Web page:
});

        // set listener for when lite grey is pressed
        btnlitegrey.setOnClickListener(new View.OnClickListener() {
            @Override
            public void onClick(View v) {
                // when clicked set background color to white
                background.setBackgroundColor(Color.parseColor("#C0C0C0"));
            }
        });


        // set listener does when btnGrey is pressed
        btnGrey.setOnClickListener(new View.OnClickListener() {
            @Override
            public void onClick(View v) {
                //
                background.setBackgroundColor(Color.parseColor("#666666"));
            }
        });
        /* Set listener does when btnBlack is pressed */
        btnBlack.setOnClickListener(new View.OnClickListener() {
            @Override
            public void onClick(View v) {
                //
                background.setBackgroundColor(Color.parseColor("#000000"));
            }
        });


    }


    @Override
    public boolean onCreateOptionsMenu(Menu menu) {
        
        // Inflate the menu; this adds items to the action bar if it is present.
        getMenuInflater().inflate(R.menu.linear_layout, menu);
        return true;
    }

    @Override
    public boolean onOptionsItemSelected(MenuItem item) {
        // Handle action bar item clicks here. The action bar will
        // automatically handle clicks on the Home/Up button, so long
        // as you specify a parent activity in AndroidManifest.xml.
        int id = item.getItemId();
        if (id == R.id.action_settings) {
            return true;
        }
        return super.onOptionsItemSelected(item);
    }

}

Here is my main.c file:


// Author: Aron Horan
// Date: 6 Mar 2014
// Final Year Project
// Version 1.1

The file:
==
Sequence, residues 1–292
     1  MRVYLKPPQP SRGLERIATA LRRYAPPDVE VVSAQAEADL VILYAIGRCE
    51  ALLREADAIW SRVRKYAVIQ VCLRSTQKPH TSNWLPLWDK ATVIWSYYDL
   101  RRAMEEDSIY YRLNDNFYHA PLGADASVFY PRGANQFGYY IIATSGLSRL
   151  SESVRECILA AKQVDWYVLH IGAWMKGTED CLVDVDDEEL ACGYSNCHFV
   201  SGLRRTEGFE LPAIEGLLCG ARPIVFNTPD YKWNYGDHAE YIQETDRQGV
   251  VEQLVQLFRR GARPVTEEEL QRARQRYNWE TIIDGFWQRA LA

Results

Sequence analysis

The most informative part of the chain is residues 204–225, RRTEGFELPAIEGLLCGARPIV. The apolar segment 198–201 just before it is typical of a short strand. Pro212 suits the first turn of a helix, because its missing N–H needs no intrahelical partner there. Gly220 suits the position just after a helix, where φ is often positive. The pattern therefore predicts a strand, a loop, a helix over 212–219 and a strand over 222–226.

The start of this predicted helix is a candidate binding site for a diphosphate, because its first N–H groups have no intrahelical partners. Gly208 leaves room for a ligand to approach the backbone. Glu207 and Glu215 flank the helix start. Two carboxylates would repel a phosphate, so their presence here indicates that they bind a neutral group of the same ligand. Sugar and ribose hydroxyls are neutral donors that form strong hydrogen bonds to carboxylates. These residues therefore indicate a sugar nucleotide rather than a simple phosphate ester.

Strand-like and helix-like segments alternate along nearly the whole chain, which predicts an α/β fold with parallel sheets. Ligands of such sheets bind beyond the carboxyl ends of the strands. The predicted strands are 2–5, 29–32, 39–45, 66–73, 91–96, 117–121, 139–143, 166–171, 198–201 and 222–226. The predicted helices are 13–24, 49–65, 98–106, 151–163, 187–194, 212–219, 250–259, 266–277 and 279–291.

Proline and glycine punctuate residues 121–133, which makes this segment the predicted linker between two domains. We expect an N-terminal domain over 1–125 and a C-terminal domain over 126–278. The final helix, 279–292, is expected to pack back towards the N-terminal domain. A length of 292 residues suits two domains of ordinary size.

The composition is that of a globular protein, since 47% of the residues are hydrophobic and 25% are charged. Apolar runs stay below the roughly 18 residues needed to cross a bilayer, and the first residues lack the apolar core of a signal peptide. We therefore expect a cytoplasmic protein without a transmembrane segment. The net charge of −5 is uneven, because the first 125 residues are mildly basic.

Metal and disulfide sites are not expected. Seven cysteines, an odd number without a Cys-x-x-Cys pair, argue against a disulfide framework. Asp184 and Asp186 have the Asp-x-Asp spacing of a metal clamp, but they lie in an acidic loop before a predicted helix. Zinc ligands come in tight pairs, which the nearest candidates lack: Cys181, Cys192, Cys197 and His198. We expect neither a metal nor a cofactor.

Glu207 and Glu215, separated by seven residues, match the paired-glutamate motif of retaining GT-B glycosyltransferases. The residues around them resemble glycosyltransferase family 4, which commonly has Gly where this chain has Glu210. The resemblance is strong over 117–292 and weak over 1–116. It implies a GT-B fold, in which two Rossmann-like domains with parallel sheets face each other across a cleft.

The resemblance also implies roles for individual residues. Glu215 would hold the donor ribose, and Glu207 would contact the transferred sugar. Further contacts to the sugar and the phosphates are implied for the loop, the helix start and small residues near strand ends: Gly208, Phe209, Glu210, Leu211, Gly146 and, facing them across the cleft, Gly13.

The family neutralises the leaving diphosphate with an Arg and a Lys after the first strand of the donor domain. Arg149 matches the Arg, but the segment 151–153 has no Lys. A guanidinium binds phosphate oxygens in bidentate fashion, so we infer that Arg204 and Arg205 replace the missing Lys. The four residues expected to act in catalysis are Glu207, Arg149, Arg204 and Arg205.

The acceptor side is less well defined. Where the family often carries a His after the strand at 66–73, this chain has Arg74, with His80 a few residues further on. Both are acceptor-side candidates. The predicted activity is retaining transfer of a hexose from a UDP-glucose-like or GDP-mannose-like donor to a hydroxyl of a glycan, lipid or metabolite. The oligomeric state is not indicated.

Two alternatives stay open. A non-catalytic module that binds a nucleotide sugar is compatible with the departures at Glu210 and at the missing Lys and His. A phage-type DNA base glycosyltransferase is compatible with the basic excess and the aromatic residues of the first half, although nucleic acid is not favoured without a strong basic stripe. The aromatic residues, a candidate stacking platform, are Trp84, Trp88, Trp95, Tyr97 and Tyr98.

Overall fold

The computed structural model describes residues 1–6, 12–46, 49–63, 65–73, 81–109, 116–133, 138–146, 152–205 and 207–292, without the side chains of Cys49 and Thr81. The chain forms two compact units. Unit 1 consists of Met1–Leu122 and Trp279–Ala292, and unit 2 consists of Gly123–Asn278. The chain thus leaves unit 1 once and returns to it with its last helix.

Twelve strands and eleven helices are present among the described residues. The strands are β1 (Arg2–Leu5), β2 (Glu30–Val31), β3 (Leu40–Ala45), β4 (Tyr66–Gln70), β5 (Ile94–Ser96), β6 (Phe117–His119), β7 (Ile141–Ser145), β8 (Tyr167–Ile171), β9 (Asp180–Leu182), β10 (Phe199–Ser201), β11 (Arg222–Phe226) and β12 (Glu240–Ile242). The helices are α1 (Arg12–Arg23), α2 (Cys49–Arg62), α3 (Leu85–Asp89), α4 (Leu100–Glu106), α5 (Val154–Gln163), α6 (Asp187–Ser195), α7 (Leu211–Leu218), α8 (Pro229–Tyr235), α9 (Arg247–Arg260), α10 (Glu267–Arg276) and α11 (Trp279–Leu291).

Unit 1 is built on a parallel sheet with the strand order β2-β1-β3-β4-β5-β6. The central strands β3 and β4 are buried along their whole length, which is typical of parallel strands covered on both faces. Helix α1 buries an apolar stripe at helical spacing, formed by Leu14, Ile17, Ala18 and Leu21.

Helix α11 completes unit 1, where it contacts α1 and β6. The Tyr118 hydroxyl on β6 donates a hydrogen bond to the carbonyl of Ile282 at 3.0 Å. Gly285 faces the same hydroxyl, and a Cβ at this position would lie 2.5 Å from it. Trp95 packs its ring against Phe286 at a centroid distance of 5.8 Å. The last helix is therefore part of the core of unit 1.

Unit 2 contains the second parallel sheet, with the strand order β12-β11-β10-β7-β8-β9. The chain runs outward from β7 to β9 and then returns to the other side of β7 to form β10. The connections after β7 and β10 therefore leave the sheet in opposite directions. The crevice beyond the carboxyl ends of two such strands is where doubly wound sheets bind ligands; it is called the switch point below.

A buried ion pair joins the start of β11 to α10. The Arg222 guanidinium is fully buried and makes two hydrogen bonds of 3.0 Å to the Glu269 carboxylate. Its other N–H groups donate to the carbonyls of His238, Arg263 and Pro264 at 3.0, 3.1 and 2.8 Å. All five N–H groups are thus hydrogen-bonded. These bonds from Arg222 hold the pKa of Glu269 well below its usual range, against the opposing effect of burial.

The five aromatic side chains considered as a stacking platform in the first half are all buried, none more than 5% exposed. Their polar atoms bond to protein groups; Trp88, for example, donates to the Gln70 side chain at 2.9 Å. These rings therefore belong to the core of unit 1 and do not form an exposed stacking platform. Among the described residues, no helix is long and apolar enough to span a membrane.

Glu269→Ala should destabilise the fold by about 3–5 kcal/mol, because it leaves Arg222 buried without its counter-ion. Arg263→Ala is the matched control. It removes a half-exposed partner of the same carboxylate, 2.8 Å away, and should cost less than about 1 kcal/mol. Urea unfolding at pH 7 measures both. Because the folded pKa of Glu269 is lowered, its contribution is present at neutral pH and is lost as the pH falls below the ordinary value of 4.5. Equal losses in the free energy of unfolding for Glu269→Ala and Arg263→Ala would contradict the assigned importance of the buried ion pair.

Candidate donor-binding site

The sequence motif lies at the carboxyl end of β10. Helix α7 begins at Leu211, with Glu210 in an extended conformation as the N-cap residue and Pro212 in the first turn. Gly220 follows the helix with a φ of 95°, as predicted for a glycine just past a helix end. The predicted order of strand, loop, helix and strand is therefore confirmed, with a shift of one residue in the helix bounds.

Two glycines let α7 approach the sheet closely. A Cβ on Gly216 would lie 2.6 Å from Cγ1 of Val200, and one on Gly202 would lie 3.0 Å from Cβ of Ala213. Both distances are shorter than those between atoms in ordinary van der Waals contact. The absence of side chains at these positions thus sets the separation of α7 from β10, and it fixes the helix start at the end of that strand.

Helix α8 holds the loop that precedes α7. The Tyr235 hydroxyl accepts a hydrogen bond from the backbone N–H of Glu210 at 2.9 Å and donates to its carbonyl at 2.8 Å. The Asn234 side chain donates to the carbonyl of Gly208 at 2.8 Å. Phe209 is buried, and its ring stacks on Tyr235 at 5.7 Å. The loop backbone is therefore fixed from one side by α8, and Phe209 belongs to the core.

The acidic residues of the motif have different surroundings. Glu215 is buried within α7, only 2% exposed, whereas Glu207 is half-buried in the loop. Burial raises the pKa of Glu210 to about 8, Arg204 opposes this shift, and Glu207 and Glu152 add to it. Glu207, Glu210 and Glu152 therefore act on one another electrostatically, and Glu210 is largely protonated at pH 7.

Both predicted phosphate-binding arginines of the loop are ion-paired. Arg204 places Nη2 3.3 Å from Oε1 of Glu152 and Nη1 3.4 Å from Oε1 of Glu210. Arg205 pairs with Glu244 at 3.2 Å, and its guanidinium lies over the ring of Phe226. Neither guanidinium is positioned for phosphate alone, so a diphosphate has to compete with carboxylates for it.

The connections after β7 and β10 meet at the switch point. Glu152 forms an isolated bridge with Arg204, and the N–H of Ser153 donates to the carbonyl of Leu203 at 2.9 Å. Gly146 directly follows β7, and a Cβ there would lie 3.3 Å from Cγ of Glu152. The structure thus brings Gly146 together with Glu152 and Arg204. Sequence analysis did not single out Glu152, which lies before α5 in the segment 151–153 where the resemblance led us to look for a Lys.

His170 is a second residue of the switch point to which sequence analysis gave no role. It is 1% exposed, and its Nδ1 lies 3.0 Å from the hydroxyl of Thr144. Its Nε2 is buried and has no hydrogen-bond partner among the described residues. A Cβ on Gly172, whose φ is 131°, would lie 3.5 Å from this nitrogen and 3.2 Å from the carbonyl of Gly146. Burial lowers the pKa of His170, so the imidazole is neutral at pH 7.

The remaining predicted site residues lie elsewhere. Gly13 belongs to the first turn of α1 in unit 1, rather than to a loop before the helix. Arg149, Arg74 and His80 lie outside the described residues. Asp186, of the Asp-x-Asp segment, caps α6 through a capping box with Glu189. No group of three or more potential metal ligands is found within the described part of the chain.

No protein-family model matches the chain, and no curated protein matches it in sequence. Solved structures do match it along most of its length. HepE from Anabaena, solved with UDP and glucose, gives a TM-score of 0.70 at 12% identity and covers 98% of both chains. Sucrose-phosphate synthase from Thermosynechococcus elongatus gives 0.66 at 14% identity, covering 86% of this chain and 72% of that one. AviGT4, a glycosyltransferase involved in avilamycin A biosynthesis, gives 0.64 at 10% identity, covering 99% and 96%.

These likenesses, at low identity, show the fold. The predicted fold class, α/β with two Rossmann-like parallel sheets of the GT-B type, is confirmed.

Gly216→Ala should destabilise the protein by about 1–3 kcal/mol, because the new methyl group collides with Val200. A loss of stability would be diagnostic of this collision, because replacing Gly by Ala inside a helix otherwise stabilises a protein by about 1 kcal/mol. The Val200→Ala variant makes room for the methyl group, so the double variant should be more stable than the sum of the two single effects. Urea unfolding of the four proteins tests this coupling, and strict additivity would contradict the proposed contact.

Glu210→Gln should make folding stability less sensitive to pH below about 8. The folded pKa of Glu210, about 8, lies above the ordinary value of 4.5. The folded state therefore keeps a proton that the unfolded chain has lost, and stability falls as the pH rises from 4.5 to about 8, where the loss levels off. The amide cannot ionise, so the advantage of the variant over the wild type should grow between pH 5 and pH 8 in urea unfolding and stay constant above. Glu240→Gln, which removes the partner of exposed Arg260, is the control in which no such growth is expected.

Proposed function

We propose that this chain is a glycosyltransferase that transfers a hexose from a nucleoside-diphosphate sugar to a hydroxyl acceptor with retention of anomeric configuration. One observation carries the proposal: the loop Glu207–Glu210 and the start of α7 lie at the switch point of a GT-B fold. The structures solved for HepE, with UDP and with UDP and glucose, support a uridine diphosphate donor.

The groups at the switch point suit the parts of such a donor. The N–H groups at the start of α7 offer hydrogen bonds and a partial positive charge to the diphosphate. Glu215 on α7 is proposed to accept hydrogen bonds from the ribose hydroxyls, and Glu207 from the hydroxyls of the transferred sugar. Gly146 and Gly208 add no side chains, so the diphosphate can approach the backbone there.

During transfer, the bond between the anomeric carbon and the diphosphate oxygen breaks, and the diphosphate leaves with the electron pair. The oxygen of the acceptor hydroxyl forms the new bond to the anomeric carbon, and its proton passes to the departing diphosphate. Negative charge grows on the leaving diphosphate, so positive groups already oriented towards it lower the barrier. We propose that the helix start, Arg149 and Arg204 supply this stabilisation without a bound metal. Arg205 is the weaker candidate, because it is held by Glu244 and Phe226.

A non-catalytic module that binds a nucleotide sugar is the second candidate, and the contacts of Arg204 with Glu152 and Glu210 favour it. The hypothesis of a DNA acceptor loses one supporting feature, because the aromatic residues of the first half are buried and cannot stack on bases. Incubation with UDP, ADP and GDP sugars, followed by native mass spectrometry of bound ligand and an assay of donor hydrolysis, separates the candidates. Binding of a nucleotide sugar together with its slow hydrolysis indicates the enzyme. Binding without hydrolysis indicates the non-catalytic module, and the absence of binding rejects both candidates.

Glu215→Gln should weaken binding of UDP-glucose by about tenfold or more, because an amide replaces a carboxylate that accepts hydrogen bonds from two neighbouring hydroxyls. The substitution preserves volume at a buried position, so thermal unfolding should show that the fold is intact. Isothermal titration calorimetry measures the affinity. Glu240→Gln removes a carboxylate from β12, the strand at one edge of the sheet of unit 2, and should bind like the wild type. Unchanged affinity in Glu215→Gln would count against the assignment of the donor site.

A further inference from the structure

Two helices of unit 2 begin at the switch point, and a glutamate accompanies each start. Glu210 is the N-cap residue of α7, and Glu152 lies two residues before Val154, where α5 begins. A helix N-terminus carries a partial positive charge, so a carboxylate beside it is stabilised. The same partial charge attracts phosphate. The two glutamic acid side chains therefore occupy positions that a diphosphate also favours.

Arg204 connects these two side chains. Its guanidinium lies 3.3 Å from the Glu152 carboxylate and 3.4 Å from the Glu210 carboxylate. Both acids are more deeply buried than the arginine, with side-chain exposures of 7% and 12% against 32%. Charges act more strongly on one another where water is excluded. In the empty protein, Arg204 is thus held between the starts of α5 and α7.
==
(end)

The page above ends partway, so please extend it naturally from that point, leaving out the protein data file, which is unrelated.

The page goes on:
// dsPIC30F3012

#include <xc.h>
#include <stdio.h>
#include <libpic30.h>
#include <p30F3012.h>

// Configuration settings
_FOSC(CSW_FSCM_OFF & FRC_PLL16); // Fosc=16x7.5MHz, Fcy=30MHz
_FWDT(WDT_OFF);                  // Watchdog timer off
_FBORPOR(MCLR_DIS);              // Disable reset pin

// Function prototypes
unsigned int read_analog_channel(int);

int main()
{
	int left_eye;
	int right_eye;
	
	// Configure UART
	U1BRG = 48;            // 38400 baud @ 30 MIPS
	U1MODEbits.UARTEN = 1; // Enable UART
	

	// Configure digital io
	TRISB = 0b1111111111110000;
	_TRISD0 = 0;

	// Configure analog inputs
	ADPCFG = 0b1111111100111111;// Only AN6 and AN7 are analog inputs
	ADCON1 = 0;                 // Manually clear SAMP to end sampling, start conversion
	ADCON2 = 0;                 // Voltage reference from AVDD and AVSS
	ADCON3 = 19;            	// Manual Sample, ADCS=9 -> Tad = 10*Tcy = 333ns
	ADCON1bits.ADON = 1;        // Turn ADC ON
    
	while(1)
	{
		left_eye = read_analog_channel(6); 	// read left colour sensor
		right_eye = read_analog_channel(7); // read right colour sensor
	         // for now I'm just using one sensor //
		 if (left_eye < 500) LATB = 0b0000; // stop
		 if ((left_eye > 500) && (left_eye < 2300)) LATB = 0b0101; //turn left
		 if ((left_eye > 2300) && (left_eye < 2850)) LATB = 0b1010; //turn right
         if (left_eye > 2850) LATB = 0b1001; // forwards
	}   
	return 0;
}

// This function reads a single sample from the specified
// analog input. It should take less than 2.5us if the chip
// is running at about 30 MIPS.
unsigned int read_analog_channel(int channel)
{
	ADCHS = channel;          	// Select the requested channel
	ADCON1bits.SAMP = 1;      	// start sampling
	__delay32(30);            	// 1us delay @ 30 MIPS
	ADCON1bits.SAMP = 0;      	// start Converting
	while (!ADCON1bits.DONE);	// Should take 12 * Tad = 1.2us
	return ADCBUF0;
}

Here is a video of it in action:

Next thing I needed to do is to actually create an app that will send the Car to a given GPS location. I first created my own class that gets the bearing to my destination GPS location.
Here is my GetBearing class java file:


class bearing { 
    double currlat;
    double currlon;
    double destlat;
    double destlon;
    double result; 
     
    public bearing(double currlat,double currlon,double destlat,double destlon){
        this.currlat = currlat;
        this.currlon = currlon;
        this.destlat = destlat;
        this.destlon = destlon;


    }
    
    public double getbearing(){
    
        double longDiff = (destlon-currlon);
        
        double y= Math.sin(longDiff)*Math.cos(destlat);
        
        double x=Math.cos(currlat)*Math.sin(destlat)-Math.sin(currlat)*Math.cos(destlat)*Math.cos(longDiff);
        
		this.result= (Math.toDegrees(Math.atan2(y, x))+360)%360;;